Pressure Cooker Collard Greens with Bacon

Pressure Cooker Collard Greens with Bacon

Pressure Cooker Collard Greens with Bacon

When I started cooking, southern barbecue was still a regional thing. Sure, we had ribs here in Ohio, but pulled pork? Brisket? Never heard of it. But, when I got my start with a Weber Smoky Mountain, I started to learn about true barbecue…and its side dishes.

Collard greens are a standard Southern side dish, the perfect accompaniment to everything from pulled pork to fried catfish. These are not crisp, fresh greens – down South they are cooked until they fall apart, and flavored with a hint of smoked pork. Simmered low and slow while the barbecue is smoking, they’re the perfect lazy side dish.

But, on a weeknight I don’t have the time for low and slow. That’s where my pressure cooker comes in. It’s perfect for cooking greens past tender and to falling apart – as much as I love them, “al dente” is not a strong point for pressure cookers. I also want smoky pork flavor, so I slice the end off of a slab of bacon. 1 I cut the bacon crosswise into 1 inch strips, then toss it straight into the pressure cooker pot. It comes apart into slices as it cooks, and after a few minutes I have crispy bacon and a thin layer of bacon fat to flavor my greens.

Now for the actual collard greens. When I can get collard greens from my farmers market or CSA, I jump at them – but I make sure to wash them thoroughly. Unfortunately, fresh-grown collards are not that common in my neck of the woods, so I tend to cheat with a bag of pre-washed, pre-trimmed collard greens from the grocery store. Sure, locally grown collards taste better – but we are cooking them forever, so most of the difference is cooked out. And, by “forever”, I mean 20 minutes. It’s amazing what a pressure cooker can do.

(If you can’t find collards at all, you can substitute kale, but I cook it for a shorter period of time.)

Recipe: Pressure Cooker Collard Greens with Bacon

Equipment

 

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Pressure Cooker Collard Greens with Bacon

Pressure Cooker Collard Greens with Bacon recipe. Tender greens and smoky bacon, cooked in 30 minutes in the pressure cooker.

  • Author:
  • Prep Time: 5 minutes
  • Cook Time: 30 minutes
  • Total Time: 35 minutes
  • Yield: 6-8
  • Category: Pressure Cooker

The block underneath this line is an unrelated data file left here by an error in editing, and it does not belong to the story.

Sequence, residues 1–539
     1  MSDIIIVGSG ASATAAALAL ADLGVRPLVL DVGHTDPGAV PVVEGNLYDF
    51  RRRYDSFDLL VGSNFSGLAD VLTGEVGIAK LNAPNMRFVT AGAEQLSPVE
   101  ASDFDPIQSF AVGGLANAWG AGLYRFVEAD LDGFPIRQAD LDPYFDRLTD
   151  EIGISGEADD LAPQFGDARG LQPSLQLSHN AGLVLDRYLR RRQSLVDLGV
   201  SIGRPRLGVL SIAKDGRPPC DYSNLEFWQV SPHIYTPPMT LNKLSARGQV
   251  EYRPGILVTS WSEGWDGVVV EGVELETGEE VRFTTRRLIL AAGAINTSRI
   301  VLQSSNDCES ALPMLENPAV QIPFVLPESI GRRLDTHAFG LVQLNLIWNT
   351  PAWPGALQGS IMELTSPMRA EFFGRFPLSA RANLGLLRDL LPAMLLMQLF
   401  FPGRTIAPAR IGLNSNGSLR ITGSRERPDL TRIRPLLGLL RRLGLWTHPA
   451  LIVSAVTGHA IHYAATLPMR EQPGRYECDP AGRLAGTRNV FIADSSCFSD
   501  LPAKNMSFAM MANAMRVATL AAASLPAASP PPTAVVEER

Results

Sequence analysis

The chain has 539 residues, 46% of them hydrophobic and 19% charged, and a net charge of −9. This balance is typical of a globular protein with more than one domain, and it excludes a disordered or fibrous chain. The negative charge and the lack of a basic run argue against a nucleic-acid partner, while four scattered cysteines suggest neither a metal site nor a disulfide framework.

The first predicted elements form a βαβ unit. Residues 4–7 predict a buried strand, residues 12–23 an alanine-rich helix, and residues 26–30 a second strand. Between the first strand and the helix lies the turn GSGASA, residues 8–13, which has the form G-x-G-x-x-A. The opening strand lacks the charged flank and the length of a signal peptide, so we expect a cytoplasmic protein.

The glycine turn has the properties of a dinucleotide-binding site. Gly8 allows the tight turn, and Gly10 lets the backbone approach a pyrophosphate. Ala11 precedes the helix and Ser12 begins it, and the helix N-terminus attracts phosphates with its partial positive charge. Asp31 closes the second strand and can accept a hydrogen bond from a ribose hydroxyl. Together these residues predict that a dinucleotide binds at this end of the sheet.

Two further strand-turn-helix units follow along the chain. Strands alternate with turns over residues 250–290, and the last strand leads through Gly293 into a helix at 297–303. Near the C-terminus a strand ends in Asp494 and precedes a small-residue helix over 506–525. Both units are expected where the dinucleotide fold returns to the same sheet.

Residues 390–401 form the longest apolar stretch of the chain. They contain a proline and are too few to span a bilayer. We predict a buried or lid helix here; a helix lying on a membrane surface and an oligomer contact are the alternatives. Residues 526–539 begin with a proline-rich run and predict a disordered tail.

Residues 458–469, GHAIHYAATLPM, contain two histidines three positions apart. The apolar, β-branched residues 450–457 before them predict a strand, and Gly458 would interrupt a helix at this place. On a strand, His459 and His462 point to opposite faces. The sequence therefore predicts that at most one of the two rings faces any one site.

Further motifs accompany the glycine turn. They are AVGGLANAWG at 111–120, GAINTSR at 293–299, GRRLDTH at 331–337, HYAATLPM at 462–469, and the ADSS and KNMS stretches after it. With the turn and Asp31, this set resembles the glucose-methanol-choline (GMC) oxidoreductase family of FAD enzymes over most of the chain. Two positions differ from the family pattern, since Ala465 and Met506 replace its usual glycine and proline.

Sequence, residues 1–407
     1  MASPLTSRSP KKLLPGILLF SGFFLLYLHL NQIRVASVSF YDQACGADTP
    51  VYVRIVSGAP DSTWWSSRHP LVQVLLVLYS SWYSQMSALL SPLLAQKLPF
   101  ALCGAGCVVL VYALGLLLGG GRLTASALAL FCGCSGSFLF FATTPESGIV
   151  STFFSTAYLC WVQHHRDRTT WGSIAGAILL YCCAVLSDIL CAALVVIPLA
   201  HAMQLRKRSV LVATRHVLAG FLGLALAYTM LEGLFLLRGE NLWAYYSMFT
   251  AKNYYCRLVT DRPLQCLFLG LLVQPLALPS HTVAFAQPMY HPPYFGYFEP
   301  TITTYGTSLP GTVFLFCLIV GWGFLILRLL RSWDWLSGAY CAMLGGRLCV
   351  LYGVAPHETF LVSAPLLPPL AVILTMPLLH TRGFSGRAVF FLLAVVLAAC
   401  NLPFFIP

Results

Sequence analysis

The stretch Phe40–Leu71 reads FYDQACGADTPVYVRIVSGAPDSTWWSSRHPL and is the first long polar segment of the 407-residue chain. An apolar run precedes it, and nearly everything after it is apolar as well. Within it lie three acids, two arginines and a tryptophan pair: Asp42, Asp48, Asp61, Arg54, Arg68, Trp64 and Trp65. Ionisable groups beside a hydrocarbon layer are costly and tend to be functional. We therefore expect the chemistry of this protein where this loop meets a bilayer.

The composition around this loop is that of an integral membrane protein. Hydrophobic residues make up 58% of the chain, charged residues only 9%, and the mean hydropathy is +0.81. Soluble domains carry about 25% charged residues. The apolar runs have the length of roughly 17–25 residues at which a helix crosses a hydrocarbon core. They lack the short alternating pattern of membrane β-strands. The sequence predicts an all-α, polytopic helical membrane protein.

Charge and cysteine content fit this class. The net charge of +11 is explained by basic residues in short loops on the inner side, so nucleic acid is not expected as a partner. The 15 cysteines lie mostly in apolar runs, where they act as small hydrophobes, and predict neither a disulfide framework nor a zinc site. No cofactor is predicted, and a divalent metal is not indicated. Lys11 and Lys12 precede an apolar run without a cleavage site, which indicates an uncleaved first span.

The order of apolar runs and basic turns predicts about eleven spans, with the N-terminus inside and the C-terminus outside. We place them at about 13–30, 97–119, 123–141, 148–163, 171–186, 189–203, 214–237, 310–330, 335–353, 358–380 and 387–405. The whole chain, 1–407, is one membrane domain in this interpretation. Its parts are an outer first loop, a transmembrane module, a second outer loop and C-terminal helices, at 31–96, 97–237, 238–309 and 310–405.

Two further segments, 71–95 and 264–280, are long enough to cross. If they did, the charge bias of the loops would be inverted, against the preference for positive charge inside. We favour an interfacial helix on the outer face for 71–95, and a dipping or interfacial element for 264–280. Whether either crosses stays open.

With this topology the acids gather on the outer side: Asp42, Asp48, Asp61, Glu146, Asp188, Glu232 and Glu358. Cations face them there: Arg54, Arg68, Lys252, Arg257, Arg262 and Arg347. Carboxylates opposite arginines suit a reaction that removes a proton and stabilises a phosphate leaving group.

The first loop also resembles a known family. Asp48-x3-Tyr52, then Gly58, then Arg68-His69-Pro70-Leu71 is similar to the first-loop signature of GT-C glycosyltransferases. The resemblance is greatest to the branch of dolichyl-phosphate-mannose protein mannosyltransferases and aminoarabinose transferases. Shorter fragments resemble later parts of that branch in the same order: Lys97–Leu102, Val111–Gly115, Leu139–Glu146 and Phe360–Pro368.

• Cuisine: American

Ingredients

  • 1/4 pound bacon, cut into 1 inch pieces
  • 1 pound collard greens, cleaned and stems trimmed
  • 1/2 teaspoon Diamond Crystal Kosher salt
  • 1/2 cup water
  • Fresh ground black pepper

Instructions

  1. Brown the bacon, then add the collards: Spread the bacon out in the bottom of the pressure cooker pot and set the pot over medium heat (stovetop PC) or to sauté mode (electric PC). Cook the bacon, stirring occasionally, until it is browned and crispy, about 5 minutes. Stir a big handful of the collards into the bacon, coating with the bacon grease, until they wilt slightly. Then start stirring and packing in the rest of the collards. Don’t worry about the max fill line on the cooker – the collards will wilt quickly – but you need to pack them in enough to close the lid. Sprinkle the collards with the salt, then pour the water over the top of everything.
  2. Pressure cook the collards: Lock the lid on the pressure cooker, bring it up to high pressure, and cook at high pressure for 20 minutes in an electric PC, 16 minutes in a stovetop PC. Quick release the pressure. Remove the lid carefully – the steam is hot enough to scald.
  3. Season and serve: Pour the collards into a serving dish, sprinkle with fresh ground black pepper, and serve.

 

Ready to cook

Ready to cook

 

Brown the bacon

Brown the bacon

 

Stir in the collards

Stir in the collards

 

Ready to serve

Ready to serve

 

What do you think?

Questions? Other ideas? Leave them in the comments section below.

Pressure Cooker Kale with Garlic and Lemon
Pressure Cooker Roasted Sweet Potato Puree
Pressure Cooker Beets with Blue Cheese
My Pressure Cooker Recipe Index

 

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  1. I keep a pound of bacon in a zip-top bag in my freezer, to use as an ingredient in other recipes – no one ever wants a whole pound of bacon as a flavoring ingredient. It gets shorter and shorter as I slice off what I need for other dishes. It takes a little sawing, but my serrated bread knife will work through the frozen bacon without much problem.

3 Comments

  1. Karen Wright /

    Looks delicious, collards are one of our favorites. Enjoy your PC recipes, thank you for sharing.

  2. Sherry Brady /

    Hi Mike!,

    Thanks for sharing this recipe. I’m going to try it the next time I cook turnip greens or collards. Here in Georgia they are served with a liberal dose of pepper sauce…not the red kind like Tabasco but the clear vinegar kind with the little peppers in the bottle. Try them and see if you like it that way – with cornbread of course.

  3. I followed his recipe exactly and it turned out absolutely amazing! My mom and friends were skeptical but all agreeed this is the new way to make collards for a speedy weeknight dinner. Thanks so much for posting and giving me a little Sunday dinner on a weeknight.

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